Religion and AIDS in Africa Hardcover – 16 Aug 2012
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Trinitapoli and Weinreb challenge much that is holy writ for modern, Western, secular minds. For those with an interest in development or medicine, it is fascinating, and perhaps infuriating. (Michael Beasley, Theology)
Religion and AIDS in Africa is a Scholarly yet readable exploration of many of the questions key to understanding the complexity of HIV and religion in Africa ... (Ann Smith, the Tablet)
About the Author
MDR: Assistant Professor of Sociology, University of TexasAW: Assistant Professor of Sociology, Hebrew University of JerusalemJT: Doctoral Candidate in Sociology, University of Texas
Most helpful customer reviews on Amazon.com
If you think African religion and AIDS don't matter to churches, Religion and AIDS in Africa may challenge you to think again. It provides one of the best empirical investigations of practical theology (how what people believe affects daily life) I have seen and it will challenge you to think more carefully about the importance of everything you say and do.
Regardless of your own religion (or lack thereof), I challenge you to read it without coming away believing that religion is somehow critical in the mess of HIV/AIDS in contemporary Africa. Not only that, it is never preachy or didactic, presenting the data in a compelling manner without making blanket statements about what is right or wrong or even trying to guilt the reader into caring.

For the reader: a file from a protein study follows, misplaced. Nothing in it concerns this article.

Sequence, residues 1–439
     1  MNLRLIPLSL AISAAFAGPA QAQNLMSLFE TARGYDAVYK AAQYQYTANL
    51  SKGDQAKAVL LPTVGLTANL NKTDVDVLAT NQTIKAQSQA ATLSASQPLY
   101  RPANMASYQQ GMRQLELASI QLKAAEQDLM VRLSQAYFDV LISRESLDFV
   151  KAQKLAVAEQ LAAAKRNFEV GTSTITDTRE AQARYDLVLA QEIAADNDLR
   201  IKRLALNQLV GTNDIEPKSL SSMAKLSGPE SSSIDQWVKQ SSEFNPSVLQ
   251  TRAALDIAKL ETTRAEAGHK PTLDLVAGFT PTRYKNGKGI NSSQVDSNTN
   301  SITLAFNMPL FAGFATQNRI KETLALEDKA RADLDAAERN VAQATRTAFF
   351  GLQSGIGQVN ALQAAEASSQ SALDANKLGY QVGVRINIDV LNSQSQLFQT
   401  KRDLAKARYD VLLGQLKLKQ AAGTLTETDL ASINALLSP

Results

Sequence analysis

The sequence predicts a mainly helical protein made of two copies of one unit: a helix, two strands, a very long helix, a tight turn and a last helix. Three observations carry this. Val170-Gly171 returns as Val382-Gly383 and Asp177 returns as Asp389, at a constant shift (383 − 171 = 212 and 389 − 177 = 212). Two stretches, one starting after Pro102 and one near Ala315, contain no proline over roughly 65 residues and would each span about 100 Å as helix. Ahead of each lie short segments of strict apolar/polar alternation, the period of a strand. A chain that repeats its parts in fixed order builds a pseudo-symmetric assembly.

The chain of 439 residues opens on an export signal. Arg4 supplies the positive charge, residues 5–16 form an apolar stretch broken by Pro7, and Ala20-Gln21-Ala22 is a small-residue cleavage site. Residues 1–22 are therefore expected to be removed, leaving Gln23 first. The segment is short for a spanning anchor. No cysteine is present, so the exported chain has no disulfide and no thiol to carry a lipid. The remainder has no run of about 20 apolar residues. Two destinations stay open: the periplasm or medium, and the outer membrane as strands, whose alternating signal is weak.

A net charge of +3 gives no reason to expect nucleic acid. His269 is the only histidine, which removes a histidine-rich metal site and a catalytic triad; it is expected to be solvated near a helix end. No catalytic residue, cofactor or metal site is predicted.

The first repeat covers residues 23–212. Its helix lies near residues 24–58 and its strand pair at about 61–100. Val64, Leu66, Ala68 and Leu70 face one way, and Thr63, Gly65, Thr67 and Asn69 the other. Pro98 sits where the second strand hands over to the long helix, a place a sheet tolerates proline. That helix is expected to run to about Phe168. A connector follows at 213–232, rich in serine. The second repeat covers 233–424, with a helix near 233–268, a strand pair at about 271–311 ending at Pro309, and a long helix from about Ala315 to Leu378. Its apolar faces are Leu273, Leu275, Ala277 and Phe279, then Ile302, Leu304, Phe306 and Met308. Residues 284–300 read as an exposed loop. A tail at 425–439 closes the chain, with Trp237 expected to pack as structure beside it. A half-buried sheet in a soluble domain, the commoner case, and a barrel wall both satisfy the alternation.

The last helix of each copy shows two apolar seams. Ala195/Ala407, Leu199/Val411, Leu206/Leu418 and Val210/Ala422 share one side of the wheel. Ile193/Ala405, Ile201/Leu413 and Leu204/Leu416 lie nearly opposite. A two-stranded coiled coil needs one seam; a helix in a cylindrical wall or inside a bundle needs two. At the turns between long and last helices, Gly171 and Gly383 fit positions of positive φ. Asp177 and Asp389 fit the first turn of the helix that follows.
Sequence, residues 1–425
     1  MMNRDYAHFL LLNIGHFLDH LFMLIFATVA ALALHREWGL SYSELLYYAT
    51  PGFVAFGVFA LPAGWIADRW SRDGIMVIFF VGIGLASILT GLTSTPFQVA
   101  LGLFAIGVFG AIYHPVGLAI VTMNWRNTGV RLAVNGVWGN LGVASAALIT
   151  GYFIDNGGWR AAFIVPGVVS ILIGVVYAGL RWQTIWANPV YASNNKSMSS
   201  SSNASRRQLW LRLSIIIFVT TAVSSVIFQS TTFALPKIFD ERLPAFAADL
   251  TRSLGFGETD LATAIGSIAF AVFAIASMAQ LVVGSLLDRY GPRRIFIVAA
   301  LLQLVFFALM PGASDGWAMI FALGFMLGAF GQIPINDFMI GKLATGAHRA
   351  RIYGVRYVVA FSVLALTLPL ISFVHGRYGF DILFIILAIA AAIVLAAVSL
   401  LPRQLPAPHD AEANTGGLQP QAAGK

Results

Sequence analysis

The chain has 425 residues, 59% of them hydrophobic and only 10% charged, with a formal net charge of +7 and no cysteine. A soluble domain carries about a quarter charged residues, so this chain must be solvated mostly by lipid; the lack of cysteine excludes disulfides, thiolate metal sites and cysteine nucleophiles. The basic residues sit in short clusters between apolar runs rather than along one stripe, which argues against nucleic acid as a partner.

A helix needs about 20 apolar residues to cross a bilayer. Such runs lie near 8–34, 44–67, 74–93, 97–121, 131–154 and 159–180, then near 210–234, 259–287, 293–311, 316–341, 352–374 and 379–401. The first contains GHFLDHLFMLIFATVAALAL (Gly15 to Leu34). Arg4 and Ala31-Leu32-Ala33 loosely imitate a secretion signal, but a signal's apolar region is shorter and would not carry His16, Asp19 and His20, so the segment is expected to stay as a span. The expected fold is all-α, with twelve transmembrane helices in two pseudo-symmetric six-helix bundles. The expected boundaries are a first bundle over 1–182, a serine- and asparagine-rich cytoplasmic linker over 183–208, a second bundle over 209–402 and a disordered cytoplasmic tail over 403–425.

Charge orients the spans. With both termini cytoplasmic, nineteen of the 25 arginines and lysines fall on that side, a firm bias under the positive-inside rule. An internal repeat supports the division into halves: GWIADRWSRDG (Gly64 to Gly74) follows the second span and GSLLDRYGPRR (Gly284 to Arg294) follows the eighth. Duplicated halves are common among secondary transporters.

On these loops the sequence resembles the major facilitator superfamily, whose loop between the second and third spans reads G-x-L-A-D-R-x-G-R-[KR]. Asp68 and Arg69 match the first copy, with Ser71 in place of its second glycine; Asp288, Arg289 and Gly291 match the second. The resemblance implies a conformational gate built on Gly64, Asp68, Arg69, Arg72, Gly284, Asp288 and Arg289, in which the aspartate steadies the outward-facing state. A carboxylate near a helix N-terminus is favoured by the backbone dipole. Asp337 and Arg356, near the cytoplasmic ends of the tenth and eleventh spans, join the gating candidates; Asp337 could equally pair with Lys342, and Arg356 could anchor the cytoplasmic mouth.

The layout is straightforward: after a few chapters of introduction and background for the AIDS crisis and international response in sub-Saharan Africa, the authors launch into explorations of nearly every conceivable means religion might play a role in the spread, care, or social meaning of HIV and AIDS. In the process, Trinitapoli and Weinreb draw on a fantastic array of high-quality data regarding every country in sub-Saharan Africa, enriched by rich historical research, interviews, and even sermon transcripts collected both in their Malawi study and throughout Africa. Finally, the authors make an unusual claim, at least coming from demographers: HIV and AIDS are changing the churches in turn. In every chapter, the reasoning is compelling, the facts are clear, and the authors are forthright about the limits on what they can reasonably conclude.
The book is powerful and well worth reading, both for social scientists and religious leaders, for one primary reason: it challenges us to think carefully about the processes that actually make up social and religious life, how they impact people, how they impact the ways we understand religion, and how we can begin to understand them in their beautiful complexity. Mixed methods studies can at times suffer from split personalities and end up lopsided or mediocre. This study, however, demonstrates the power and necessity of an all of the above approach in tackling tough, important questions with real implications.
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